If you haven’t yet found somewhere to live, bear this in mind. Some of the best-ranked schools in France in terms of exam results are state-run but, inevitably, they are very popular and are often located in the more expensive areas especially in big cities.

If you want to send your kids to school outside your catchment area, it is possible to ask for another school. This is called a “dérogation”. You must write to the relevant “académie” giving the reasons for your request, which will be granted depending on the places available.

Often parents will make their decision on which school to choose based on how well their child is picking up their native language. So, for example, if their English is developing well at home then a free French state school will seem like the best option. Although bear in mind that your child won’t learn much English to begin with in a French state school.

If children are struggling to pick up English then parents may decide to pay out for a bilingual school, and there are an increasing number of them. Many French parents are also taking this option, believing it is a good investment if their child can pick up English as early as possible.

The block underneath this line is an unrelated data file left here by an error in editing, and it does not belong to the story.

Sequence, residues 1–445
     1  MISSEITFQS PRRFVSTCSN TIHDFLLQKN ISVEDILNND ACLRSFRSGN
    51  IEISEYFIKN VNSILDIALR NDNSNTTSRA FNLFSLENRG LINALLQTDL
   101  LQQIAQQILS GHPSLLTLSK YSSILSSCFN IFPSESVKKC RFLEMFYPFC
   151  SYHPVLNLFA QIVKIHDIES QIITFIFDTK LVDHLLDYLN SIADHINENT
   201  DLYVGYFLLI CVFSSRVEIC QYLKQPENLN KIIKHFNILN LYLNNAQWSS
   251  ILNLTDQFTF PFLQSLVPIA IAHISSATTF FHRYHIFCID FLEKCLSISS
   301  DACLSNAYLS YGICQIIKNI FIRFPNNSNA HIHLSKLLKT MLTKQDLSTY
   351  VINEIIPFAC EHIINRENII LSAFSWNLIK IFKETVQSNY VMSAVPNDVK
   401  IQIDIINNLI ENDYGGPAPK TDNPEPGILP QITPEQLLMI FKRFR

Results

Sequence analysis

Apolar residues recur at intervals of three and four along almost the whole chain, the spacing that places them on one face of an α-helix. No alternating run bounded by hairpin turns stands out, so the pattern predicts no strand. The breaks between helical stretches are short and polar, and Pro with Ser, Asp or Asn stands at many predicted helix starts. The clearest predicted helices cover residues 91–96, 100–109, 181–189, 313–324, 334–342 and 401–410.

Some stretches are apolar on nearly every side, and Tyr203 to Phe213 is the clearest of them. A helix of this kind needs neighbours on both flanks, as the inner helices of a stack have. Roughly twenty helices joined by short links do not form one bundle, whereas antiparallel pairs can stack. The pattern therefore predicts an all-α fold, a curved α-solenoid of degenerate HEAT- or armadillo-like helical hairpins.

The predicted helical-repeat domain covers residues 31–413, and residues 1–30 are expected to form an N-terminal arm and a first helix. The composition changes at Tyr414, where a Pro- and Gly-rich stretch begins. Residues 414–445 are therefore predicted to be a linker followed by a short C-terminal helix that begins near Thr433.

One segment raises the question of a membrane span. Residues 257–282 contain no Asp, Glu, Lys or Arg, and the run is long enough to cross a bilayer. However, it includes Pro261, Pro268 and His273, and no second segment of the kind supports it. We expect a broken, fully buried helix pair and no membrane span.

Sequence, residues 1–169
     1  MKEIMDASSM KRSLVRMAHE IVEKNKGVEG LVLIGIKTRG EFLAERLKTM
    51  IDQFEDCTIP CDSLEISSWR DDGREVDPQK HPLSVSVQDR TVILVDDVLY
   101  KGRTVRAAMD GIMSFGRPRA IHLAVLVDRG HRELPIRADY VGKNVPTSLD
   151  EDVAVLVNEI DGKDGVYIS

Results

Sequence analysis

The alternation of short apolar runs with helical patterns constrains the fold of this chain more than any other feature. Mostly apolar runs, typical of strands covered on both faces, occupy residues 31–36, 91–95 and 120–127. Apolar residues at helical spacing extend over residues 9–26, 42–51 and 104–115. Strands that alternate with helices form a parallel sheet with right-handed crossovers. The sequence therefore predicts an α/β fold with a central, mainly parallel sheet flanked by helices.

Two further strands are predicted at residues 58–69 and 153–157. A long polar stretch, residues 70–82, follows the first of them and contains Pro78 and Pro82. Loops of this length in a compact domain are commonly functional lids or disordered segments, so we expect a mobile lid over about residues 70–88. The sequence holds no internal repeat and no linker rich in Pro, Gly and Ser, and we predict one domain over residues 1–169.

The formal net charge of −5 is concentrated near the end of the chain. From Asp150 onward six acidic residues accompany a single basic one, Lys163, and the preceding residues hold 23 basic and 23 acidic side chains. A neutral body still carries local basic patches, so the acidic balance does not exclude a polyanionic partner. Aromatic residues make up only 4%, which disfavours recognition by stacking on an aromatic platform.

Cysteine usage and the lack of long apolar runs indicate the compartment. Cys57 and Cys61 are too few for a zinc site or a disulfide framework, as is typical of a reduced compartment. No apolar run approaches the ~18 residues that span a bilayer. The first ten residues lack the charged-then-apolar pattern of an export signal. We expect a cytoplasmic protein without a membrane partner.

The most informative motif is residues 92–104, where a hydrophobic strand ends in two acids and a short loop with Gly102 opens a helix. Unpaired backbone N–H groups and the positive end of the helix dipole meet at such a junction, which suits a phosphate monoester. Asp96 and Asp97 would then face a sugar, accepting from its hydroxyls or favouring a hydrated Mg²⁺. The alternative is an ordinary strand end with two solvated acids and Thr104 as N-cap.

READ MORE: France to launch ’emergency’ English learning plan for schools

In the state system, children are supposed to have grasped some basic words and sentences in English by the end of primary school, but that’s not always the case as teachers are not normally trained to teach this.

When they start secondary school, schoolchildren have to take foreign language classes for a few hours a week, and it’s usually English. So if your kids are bilingual, they probably won’t learn much (but at least they’ll get good marks in their schoolwork.)

But there is another option in certain parts of the country, notably the capital, for parents who want their children to get lessons in English but can’t afford, or simply don’t want to pay out for, private school.

“Sections Internationales”

Some state schools in Paris and in the country’s larger cities have international sections called “sections internationales”, where classes are taught in different languages whether English, Chinese, Spanish, German or Arabic or several other languages, depending on what section parents get them into.

In primary school, children there are taught three hours of the foreign language, for example English, each week. You can find a list of all of these primary schools here: Les sections internationales à l’école primaire